There are obviously multiple reasons for that advance. The increased salience of green issues, in the midst of a climate crisis, is undoubtedly a factor. However, the worry for Labour is that it may go beyond these broader issues, and instead be a sign of growing dissatisfaction with Labour among parts of its core vote.
In particular, Keir Starmer’s recent ditching of previous campaign election pledges, plus rows over the suspension of Jeremy Corbyn and Diane Abbott, have added up to a sense among some on the left of the party that it is drifting relentlessly to the right.
While this sense is widespread among some inside the party, it is unclear to what extent the wider voting public has picked up on it, if at all.
So could the Green resurgence be part of a potentially fatal splintering of Labour’s vote or is it a small price to pay for getting back into Government?
The Grass is Always Greener
To help test that theory, the Byline Supplement asked pollsters Omnisis this week to conduct some polling on public opinion about Keir Starmer, his character and his politics.
Firstly we asked whether voters believed that Starmer’s recent decision to ditch his pledge to scrap tuition fees was the right or wrong decision.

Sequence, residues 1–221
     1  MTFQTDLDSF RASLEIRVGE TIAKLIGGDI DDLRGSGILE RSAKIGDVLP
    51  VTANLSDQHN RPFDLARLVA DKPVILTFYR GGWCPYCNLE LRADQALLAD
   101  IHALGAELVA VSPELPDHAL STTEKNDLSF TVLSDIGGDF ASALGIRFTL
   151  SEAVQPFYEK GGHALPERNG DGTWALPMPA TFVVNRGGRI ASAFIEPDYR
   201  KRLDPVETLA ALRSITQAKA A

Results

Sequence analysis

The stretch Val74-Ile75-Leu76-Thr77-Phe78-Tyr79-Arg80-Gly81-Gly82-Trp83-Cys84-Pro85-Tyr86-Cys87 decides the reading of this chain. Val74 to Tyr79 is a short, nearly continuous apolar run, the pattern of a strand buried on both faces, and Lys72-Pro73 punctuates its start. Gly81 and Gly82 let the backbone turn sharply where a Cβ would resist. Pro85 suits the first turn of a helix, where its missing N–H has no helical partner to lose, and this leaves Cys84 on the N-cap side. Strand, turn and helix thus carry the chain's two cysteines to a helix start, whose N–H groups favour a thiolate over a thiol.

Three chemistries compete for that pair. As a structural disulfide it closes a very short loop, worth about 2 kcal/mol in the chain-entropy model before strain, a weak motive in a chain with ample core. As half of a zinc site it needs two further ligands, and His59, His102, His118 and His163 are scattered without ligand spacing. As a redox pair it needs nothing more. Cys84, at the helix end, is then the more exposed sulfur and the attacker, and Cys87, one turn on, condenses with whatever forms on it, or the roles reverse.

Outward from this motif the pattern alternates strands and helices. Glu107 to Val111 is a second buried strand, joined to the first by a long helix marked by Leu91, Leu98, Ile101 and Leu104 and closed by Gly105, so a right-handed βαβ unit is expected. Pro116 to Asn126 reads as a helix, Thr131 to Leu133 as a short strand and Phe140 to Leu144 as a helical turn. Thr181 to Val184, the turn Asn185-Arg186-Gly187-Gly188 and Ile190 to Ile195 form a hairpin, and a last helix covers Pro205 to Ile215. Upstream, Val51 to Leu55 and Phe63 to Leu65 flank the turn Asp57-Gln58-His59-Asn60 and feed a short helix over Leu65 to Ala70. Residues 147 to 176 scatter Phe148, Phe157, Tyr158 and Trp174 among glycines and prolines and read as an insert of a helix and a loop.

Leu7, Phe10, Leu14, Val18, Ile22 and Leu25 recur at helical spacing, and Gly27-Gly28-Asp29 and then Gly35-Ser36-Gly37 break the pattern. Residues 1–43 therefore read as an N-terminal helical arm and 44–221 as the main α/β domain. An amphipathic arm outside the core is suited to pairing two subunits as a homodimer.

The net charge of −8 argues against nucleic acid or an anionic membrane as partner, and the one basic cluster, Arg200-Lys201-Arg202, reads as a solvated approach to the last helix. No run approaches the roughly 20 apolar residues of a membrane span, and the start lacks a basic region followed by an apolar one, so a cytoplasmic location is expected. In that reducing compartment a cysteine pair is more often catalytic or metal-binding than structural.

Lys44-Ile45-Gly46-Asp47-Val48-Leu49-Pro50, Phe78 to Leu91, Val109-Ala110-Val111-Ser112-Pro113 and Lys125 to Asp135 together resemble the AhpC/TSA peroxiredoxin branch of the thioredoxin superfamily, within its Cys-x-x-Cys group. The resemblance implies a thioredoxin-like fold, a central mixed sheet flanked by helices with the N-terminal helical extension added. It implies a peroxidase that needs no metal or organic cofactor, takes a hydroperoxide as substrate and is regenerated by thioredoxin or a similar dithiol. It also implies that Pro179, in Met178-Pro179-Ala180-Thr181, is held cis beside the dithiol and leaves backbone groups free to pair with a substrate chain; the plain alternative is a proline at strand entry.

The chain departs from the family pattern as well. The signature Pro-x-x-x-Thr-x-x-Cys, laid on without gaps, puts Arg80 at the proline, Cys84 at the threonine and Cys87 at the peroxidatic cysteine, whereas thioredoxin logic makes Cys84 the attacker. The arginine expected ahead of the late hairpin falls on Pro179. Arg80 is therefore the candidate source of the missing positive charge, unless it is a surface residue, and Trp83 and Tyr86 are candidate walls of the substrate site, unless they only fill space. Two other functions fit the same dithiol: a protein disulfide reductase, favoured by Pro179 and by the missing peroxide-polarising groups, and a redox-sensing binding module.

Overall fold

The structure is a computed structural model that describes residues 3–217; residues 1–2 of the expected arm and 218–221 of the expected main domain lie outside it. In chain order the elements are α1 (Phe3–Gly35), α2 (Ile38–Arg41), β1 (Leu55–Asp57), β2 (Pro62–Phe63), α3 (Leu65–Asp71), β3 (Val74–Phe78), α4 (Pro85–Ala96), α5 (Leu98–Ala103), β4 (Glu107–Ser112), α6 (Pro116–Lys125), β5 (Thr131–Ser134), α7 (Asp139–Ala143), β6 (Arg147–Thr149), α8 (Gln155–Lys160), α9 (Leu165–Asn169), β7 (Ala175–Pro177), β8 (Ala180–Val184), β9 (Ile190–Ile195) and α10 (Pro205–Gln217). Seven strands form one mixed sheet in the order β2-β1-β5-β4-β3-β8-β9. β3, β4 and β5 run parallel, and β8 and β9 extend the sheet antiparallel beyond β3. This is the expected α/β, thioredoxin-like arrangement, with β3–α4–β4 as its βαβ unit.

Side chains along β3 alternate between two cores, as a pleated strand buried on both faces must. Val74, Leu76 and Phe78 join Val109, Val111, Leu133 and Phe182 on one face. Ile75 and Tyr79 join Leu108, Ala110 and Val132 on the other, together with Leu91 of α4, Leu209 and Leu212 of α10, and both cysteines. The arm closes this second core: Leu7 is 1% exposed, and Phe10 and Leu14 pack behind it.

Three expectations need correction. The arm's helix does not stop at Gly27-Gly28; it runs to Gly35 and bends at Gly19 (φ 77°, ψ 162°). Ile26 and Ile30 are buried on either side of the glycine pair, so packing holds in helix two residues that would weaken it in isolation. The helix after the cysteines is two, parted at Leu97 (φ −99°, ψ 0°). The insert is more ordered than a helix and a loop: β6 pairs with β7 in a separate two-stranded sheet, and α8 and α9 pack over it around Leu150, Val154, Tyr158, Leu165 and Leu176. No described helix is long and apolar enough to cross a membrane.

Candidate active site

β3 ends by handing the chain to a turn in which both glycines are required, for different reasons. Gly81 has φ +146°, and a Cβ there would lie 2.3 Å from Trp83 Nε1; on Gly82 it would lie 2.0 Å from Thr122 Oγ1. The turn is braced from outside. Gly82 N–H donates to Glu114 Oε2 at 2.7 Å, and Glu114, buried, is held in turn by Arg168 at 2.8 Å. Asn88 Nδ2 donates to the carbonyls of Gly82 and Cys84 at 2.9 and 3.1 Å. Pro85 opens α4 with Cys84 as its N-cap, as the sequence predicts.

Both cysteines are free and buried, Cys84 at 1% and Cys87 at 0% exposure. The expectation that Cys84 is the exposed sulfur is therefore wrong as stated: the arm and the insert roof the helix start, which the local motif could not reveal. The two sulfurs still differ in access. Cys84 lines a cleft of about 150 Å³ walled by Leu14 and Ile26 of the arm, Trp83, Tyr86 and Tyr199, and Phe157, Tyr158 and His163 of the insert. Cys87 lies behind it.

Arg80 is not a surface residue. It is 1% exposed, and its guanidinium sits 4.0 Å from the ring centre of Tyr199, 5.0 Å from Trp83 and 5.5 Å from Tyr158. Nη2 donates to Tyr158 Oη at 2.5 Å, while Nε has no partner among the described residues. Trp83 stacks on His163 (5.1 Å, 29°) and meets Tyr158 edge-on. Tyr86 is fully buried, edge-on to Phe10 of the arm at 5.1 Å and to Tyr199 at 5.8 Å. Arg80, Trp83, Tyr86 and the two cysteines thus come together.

Overall 40% said it was the wrong decision, compared to just 30% who said it was the right decision.
Interestingly the number saying this was the wrong decision rose to 45% among Labour voters, and a whopping 61% among Green Party voters.
Younger voters were the most likely to say it was the wrong decision, with 51% of 18-24 year olds disagreeing with the decision and just 17% agreeing with it.
This lends some credence to the idea that the Green Party could be a likely home for disaffected Labour voters.
The recent row over tuition fees has also reignited questions about Starmer’s trustworthiness.
Asked whether they trusted the Labour leader to keep his promises, just 29% said they did, compared to 46% who said they didn’t.
However, interestingly distrust in Starmer appears to be mostly found among Conservative voters - 75% of whom don’t trust him - rather than other parties on the left, or younger voters - among whom opinion was broadly similar to the population as a whole.
This suggests that with the exception of Conservative voters, Starmer’s trustworthiness is not yet quite the major problem for him that it might yet become.